Now for something else. Have you ever wondered if people really think like you? Perhaps they're just there for you, and you're the only person in the world that really thinks. They would be kind of like robots, and would be nothing but an outside shell reacting like machines. Insanely complicated machines maybe, but still just following a strict program. Would that then mean, that since there were no thoughts behind people, that your actions would have no true consequences?

No, of course not. It wouldn't make a difference if everyone actually were robots. We have no way to tell if people actually think like we do. But just the idea that people are actually robots is enough to make us feel like what we do wouldn't matter. It frees our conscience to imagine that other people just react to our actions by instinct, and not by conscious thought like our own. Isn't that kind of weird..


  1. 1. Our house is freezing. I surely hope that'll be reflected in our electricity bill!
    2. "Inglourious Basterds" is one of the original films I have ever seen! It's so liberating, watching a WW2 film and be able to just sit back and laugh.
    3. If you ever get too tired of all the molecular biomedecine, I'll send you some vector analysis that you can use as relaxation between all the work and reading.
    4. If robots ever become able to mimic perfectly the behaviour of humans, should the two have the same rights?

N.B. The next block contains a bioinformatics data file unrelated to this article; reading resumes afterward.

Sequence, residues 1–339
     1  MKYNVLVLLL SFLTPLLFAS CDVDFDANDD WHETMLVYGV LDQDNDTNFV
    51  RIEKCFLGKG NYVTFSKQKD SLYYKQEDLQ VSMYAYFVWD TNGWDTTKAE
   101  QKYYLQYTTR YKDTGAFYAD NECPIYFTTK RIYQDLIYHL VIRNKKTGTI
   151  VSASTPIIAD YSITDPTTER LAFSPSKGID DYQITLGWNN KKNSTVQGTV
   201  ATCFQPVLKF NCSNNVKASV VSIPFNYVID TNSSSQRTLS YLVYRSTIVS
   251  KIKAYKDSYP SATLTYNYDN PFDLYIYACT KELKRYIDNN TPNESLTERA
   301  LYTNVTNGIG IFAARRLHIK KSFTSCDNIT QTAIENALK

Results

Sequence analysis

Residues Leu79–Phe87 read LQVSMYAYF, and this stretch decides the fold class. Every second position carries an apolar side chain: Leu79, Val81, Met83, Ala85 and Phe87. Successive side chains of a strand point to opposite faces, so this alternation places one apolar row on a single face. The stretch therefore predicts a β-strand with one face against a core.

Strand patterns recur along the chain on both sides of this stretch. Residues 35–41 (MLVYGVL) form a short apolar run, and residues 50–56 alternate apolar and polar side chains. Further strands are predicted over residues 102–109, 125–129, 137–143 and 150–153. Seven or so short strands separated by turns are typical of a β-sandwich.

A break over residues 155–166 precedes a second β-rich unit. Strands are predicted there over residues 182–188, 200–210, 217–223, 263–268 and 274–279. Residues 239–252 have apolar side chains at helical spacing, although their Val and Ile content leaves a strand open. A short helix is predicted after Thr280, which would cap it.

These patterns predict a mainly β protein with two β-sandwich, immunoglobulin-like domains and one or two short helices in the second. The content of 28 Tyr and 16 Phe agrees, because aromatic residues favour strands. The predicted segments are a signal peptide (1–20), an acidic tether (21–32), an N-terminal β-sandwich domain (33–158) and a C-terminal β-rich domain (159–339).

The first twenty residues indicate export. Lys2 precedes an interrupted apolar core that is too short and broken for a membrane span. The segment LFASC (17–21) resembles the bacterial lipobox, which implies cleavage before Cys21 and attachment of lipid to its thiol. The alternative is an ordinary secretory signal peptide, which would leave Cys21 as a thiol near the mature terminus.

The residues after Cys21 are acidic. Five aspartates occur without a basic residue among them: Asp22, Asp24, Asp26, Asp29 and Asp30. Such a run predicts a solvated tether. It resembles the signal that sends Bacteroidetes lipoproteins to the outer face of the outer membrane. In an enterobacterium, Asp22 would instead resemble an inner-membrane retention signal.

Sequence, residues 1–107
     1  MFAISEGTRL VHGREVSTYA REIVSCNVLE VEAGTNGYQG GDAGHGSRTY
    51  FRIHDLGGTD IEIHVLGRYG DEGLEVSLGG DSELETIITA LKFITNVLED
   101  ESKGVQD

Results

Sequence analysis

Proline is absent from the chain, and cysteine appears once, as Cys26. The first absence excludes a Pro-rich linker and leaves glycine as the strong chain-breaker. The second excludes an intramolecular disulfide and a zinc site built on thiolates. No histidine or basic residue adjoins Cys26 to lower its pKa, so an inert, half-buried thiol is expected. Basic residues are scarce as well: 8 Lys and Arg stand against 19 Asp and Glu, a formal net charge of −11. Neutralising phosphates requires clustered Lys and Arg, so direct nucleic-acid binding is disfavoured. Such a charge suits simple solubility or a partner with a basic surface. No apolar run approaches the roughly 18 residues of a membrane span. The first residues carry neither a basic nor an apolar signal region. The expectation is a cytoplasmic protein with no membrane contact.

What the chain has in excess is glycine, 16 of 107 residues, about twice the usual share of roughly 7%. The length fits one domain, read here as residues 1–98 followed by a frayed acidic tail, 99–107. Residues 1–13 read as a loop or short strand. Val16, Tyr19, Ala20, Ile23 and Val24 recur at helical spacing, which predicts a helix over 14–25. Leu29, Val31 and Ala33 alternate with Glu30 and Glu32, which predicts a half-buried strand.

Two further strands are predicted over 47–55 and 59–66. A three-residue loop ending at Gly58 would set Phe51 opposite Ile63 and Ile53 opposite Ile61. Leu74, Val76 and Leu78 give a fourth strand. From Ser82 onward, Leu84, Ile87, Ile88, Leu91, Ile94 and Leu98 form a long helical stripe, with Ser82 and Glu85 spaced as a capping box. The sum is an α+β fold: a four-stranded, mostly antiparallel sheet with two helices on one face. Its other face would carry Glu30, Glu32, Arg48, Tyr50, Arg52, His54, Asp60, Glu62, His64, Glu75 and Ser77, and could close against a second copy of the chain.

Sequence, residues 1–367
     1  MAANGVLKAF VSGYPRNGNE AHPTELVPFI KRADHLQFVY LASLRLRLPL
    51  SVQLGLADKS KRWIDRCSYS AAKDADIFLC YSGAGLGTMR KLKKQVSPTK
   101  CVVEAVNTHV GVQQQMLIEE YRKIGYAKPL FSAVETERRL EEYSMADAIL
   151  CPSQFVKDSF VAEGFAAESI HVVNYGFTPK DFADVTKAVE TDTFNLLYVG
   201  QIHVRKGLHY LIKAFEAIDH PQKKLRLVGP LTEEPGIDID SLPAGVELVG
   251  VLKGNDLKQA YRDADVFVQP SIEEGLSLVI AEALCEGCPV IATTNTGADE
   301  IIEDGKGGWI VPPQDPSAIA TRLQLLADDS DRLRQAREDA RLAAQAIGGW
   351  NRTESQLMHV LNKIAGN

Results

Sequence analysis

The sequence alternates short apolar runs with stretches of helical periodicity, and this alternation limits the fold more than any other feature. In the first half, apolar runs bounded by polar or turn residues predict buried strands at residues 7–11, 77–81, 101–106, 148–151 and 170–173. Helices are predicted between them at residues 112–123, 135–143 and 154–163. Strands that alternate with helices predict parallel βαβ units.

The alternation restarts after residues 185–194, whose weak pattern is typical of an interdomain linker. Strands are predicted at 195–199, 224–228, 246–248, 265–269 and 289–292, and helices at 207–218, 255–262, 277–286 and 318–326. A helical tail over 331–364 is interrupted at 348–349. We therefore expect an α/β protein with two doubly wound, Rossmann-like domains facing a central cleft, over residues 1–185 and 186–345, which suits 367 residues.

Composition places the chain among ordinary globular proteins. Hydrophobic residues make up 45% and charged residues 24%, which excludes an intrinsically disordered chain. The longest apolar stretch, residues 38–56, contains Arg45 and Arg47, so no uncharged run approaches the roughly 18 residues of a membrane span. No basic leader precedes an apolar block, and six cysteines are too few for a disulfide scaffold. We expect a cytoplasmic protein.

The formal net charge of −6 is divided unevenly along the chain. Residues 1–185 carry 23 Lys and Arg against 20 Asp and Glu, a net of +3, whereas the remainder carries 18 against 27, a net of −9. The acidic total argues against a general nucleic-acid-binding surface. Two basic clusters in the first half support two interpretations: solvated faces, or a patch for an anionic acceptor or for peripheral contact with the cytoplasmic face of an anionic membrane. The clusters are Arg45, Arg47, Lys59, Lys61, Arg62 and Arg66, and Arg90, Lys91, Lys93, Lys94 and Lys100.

2. Nah, no thanks to the vector analysis :P. But if something interesting in quantum mechanics comes up, I'd really like to take a look!

    There's actually a film about your last question. I can't remember it's name. It has to do with a robot that goes through all these things to become a human. He ends up having modified himself so much he is perfectly indistinguishable from humans. But he still possesses the ability to live forever, since his brain doesn't degenerate like ours. First when he modifies that to degenerate over time, just like ours, is he accepted as a human.

    The question is then just: What happens once we ourselves become more like robots (eg. enable our brains to not degenerate)? Perhaps then we'll have a difficult outlook on life. Because we aren't actually that different from any other things that move around in this world. Why can't a robot be a form of life as well? If you look closely enough, there won't be a difference.

    In the novels by my favourite author Iain M. Banks (writer of the Algebraist), we see a society where robots have completely the same rights as humans, and are viewed by the humans almost like they're the same species. They just think a little more quickly than us :P, but they have "routines to keep themselves not bored while speaking with humans, since they could have calculated loads of stuff in the time it takes to say just a single sentence for a human".

    So yeah, I think robots should have exactly the same rights as us.